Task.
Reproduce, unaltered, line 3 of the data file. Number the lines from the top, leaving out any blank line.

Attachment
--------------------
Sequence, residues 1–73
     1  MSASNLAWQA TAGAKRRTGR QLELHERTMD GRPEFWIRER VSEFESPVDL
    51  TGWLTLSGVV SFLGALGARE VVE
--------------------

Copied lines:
    51  TGWLTLSGVV SFLGALGARE VVE